By Sy Mukherjee
February 6, 2019

Good afternoon and happy hump day, readers.

President Trump delivered his second formal State of the Union address to Congress last night (you can read a transcript of the whole thing here). As expected, health care made some pretty prominent appearances.

We previewed some of the topics the president would likely tackle yesterday, including an ambitious moonshot meant to eradicate HIV in the United States within the next ten years.

Trump did, indeed, broach that topic: “In recent years we have made remarkable progress in the fight against HIV and AIDS. Scientific breakthroughs have brought a once-distant dream within reach. My budget will ask Democrats and Republicans to make the needed commitment to eliminate the HIV epidemic in the United States within 10 years. We have made incredible strides. Incredible. Together, we will defeat AIDS in America and beyond,” he said.

That goal shouldn’t be out of the question given both the preventive and counteracting therapies we now have in place to combat HIV. However, as some noted afterward, the speech lacked details on how much funding would be required to fulfill such as lofty promise.

But HIV/AIDS weren’t the only major public health issues broached in the speech. Cancer and the hot button debate over drug pricing were also called out—if briefly, and without much in the way of detail. “Many childhood cancers have not seen new therapies in decades. My budget will ask the Congress for $500 million over the next 10 years to fund this critical life-saving research,” said Trump. It’s worth noting the entirety of the National Cancer Institute (NCI) budget for 2019 alone is $5.7 billion, or more than ten times the president’s 10-year proposal.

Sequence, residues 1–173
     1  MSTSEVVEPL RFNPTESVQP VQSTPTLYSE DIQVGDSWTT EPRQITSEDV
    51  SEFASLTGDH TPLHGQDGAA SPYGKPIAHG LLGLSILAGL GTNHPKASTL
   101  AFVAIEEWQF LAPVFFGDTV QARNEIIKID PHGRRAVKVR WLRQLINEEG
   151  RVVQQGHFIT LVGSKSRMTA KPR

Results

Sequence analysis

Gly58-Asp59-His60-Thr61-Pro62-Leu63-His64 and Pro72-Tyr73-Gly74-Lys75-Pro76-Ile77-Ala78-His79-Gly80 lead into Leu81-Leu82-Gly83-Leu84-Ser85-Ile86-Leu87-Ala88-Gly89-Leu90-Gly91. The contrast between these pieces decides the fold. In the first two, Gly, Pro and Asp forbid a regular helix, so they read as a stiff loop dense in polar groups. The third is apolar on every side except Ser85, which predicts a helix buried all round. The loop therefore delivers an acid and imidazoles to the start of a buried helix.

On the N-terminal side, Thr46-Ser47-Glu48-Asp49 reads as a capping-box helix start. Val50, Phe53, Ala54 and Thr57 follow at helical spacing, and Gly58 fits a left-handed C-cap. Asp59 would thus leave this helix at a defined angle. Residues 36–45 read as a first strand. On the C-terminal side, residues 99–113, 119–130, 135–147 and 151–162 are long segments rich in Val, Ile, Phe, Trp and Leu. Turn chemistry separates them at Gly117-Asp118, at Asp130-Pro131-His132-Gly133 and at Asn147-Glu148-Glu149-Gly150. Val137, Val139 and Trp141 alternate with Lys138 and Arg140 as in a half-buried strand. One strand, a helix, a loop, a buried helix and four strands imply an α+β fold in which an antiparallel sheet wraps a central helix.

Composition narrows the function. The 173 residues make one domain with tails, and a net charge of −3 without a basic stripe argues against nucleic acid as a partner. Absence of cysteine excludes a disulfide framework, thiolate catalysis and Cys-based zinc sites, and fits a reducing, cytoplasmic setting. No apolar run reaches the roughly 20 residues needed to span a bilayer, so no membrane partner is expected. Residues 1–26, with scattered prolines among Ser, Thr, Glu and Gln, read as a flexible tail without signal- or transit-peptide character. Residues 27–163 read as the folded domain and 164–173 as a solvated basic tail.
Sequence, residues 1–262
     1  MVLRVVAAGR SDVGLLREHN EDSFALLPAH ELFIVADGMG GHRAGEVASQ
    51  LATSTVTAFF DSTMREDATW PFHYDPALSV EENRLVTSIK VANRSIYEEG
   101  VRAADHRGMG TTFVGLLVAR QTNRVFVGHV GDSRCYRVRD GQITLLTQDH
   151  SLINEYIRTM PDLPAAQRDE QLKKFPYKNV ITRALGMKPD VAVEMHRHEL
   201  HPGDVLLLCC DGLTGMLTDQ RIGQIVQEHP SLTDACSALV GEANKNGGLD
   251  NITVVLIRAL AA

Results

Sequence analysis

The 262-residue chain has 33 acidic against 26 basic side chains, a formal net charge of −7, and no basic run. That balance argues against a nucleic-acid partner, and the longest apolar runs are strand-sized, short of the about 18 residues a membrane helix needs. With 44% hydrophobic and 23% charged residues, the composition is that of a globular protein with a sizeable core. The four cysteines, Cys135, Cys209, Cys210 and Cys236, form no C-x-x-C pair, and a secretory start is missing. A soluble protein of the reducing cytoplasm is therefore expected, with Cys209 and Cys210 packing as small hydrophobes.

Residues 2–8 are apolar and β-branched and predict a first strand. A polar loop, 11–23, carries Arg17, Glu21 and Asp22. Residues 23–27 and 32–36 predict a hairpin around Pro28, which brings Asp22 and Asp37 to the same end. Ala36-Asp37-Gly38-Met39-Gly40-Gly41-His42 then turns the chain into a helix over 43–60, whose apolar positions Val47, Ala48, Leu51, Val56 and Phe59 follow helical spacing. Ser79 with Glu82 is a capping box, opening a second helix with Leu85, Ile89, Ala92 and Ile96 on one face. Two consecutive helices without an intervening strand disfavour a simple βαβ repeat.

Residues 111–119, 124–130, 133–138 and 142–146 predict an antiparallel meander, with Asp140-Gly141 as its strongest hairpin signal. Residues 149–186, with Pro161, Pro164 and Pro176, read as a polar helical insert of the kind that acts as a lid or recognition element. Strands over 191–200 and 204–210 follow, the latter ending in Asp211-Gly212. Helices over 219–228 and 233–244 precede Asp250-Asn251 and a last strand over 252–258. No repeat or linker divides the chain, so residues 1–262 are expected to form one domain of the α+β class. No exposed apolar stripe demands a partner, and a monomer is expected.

As for drug pricing, the president made some bold (and debatable) claims about the nature of medical inflation, saying that “2018 drug prices experienced their single largest decline in 46 years” under his watch. But he also doubled down on his assertion that lower drug prices in other nations amount to free-riding that hurts American consumers. That claim has also been met with some skepticism.

The SOTU had plenty packed in. The open question is whether or not it will affect regulatory change.

Read on for the day’s news.

Sy Mukherjee


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